Recipe: Luxurious Lobster Sandwiches

This is a glamorous, mess-free (for your guest, at least) way to serve lobster, a perfect surprise for a late, post-show supper or indulgent brunch for two. If you’re going so far as to boil your own lobster, you might as well make your own mayonnaise, too, to get that beautifully supple texture that can’t be found in a jar. These are inspired, in equal parts, by the lobster rolls of my New England-spent summers, and the fancy lobster club sandwiches served under the stained-glass dome of the Rotunda restaurant at Neiman Marcus in Union Square.

La Farine Boulangerie in the East Bay is a good source for brioche rolls; if you can’t find brioche, try challah bread. Or, you can go all the way and make Thomas Keller’s version, the recipe for which can be found in Bouchon, Bouchon Bakery, and Ad Hoc at Home.

    Ingredients:

  • Two live lobsters, each about 1 1/4 lbs
  • 1 teaspoon fresh tarragon leaves, chopped
  • 1 small head butter (Boston) lettuce, rinsed and dried
  • 1 ripe avocado
  • 4 slices brioche or 2 brioche buns
    Tarragon Lemon Mayonnaise:

  • 1 egg yolk
  • 1/3 cup olive oil
  • 1/3 cup grapeseed oil
  • 1 tablespoon lemon juice, from a Meyer lemon if possible
  • 1/4 tsp Dijon mustard
  • 1/4 tsp salt
  • 1 tablespoon fresh tarragon leaves, finely chopped
  • Freshly ground pepper, to taste

Preparation:
1. Cook the lobster: In a large stockpot, bring 2 inches of well-salted water to a boil. When water is boiling, add lobsters, head down. Cover and simmer for approximately 12 minutes, until shells are bright red and meat is white and opaque. Remove lobsters from pot. Cool briefly under cold running water. Let lobsters rest until cool enough to handle.

2. Shell the lobster: Twist off tail and snip through shell with kitchen shears. Remove tail meat in one piece. Twist off claws and crack with claw cracker along joints. Remove claw meat. Chop tail and claw meat into bite-sized pieces and refrigerate until needed.

3. Make mayonnaise: Pour oils together into a small pitcher. In a medium bowl, whisk egg yolk, lemon juice, and 1/4 tsp salt together. Pouring very slowly, begin to drizzle in oil while whisking vigorously. Continue to whisk and drizzle until mixture expands and thickens. Increase your oil pour to a small but steady stream and continue whisking until all the oil is added. Whisk in tarragon leaves and a few grinds of fresh pepper. Taste and adjust seasoning, adding more lemon juice or salt as needed. Refrigerate until needed.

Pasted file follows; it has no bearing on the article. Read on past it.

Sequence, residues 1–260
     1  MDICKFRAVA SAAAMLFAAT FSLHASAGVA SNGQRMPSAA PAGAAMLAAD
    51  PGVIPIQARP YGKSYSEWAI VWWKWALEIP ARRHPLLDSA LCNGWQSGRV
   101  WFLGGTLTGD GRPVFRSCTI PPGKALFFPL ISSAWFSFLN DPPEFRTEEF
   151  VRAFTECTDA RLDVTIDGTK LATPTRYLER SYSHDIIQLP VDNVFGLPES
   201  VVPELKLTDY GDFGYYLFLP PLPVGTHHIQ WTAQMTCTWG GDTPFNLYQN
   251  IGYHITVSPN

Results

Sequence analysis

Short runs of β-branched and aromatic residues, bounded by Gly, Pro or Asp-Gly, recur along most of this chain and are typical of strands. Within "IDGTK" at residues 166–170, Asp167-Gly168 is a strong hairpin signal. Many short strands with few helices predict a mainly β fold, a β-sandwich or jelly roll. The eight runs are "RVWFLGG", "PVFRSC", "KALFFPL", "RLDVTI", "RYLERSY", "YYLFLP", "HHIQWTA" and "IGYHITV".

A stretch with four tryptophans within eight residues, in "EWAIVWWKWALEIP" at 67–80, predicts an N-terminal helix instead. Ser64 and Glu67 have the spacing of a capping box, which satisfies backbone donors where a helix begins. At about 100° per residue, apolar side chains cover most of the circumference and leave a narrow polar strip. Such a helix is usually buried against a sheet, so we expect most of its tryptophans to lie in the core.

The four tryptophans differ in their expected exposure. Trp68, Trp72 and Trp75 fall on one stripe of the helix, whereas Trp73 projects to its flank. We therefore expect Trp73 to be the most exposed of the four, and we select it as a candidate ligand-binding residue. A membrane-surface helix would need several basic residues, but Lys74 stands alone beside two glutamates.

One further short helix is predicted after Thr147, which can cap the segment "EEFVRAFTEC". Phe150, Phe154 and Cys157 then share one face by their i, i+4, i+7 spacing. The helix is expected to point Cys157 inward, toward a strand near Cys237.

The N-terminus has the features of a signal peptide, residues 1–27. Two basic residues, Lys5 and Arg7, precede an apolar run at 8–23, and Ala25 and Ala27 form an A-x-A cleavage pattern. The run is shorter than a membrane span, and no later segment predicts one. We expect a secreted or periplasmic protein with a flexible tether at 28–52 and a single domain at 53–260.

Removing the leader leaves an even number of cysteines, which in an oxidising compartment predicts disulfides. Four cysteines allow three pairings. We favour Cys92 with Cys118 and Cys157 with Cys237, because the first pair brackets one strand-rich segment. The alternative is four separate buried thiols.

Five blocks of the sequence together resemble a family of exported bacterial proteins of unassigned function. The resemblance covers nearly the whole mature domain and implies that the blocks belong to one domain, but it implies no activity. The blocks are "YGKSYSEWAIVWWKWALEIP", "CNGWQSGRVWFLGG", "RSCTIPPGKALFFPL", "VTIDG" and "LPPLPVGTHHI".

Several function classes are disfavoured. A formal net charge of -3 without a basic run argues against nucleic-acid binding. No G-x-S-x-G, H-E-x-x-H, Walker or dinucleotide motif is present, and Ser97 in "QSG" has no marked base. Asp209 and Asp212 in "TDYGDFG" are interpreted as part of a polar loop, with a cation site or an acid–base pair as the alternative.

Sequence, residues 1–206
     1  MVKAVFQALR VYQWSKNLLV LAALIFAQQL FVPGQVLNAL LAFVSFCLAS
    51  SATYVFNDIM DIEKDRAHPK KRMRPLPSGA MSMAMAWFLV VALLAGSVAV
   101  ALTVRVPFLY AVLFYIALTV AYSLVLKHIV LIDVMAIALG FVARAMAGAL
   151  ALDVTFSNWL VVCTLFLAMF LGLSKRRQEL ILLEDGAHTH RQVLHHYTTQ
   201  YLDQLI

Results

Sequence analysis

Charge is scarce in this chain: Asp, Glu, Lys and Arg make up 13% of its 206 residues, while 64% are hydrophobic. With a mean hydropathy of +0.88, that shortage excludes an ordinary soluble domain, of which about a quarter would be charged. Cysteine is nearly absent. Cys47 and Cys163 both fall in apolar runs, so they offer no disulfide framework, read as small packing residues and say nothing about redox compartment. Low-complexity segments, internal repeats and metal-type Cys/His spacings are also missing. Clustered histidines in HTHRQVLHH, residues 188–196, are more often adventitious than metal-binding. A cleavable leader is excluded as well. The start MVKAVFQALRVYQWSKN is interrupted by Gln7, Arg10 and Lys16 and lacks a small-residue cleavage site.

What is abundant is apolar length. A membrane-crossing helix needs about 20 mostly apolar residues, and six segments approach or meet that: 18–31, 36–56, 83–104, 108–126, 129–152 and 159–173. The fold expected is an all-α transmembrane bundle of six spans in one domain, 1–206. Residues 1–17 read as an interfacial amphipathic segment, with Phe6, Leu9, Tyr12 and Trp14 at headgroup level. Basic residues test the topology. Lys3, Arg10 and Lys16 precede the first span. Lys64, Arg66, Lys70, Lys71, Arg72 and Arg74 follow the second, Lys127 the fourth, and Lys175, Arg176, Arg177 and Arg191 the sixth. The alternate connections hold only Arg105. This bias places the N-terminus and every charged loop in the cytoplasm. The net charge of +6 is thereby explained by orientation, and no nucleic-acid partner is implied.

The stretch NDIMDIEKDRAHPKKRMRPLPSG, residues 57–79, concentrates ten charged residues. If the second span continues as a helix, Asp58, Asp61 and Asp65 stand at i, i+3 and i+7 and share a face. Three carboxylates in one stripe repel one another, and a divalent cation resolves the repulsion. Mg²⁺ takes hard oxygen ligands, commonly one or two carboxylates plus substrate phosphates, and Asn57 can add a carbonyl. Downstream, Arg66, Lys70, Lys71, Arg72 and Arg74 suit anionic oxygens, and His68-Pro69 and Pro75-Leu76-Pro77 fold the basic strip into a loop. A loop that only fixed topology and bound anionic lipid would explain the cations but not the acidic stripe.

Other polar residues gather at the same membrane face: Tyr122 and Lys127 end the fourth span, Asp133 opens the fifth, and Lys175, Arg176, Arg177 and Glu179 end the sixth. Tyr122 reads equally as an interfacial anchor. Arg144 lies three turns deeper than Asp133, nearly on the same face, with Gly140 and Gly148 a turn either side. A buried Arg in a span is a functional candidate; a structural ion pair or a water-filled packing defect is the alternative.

4. Make the lobster salad: Fold half the mayonnaise into the lobster pieces. Add enough remaining mayonnaise so that lobster chunks are lightly coated. Sprinkle with an additional teaspoon or so of minced fresh tarragon. Taste for seasoning.

5. Make the sandwich: Toast brioche slices or buns lightly until just barely golden. Line bottom slice with lettuce leaves. Spoon lobster salad over lettuce leaves to fill bun generously. Top with thinly sliced avocado. Spread a thin layer of tarragon mayonnaise on the remaining slice of bread or bun and close up the sandwich. Serve immediately. Champagne or Riesling makes a good accompaniment.

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About the Author ()

Stephanie Rosenbaum Klassen is a longtime local food writer, author, and cook. Her books include World of Doughnuts (Egg & Dart Press); Kids in the Kitchen: Fun Food (Williams Sonoma); Honey from Flower to Table (Chronicle Books) and The Astrology Cookbook: A Cosmic Guide to Feasts of Love (Manic D Press). She has studied organic farming at UCSC and holds a certificate in Ecological Horticulture from the Center for Agroecology and Sustainable Food Systems. She does frequent cooking demonstrations at local farmers’ markets and has taught food writing at Media Alliance in San Francisco and the Continuing Education program at Stanford University. She has been the lead restaurant critic for the San Francisco Bay Guardian as well as for San Francisco magazine. Last year, she worked as an assistant chef at the Headlands Center for the Arts, an artists' residency program located in the Marin Headlands, and worked as a production cook at the Marin Sun Farms Cafe in Pt Reyes Station. She has lived in San Francisco for nearly 20 years, interspersed with stints in Oakland, Santa Cruz, Brooklyn, and Manhattan.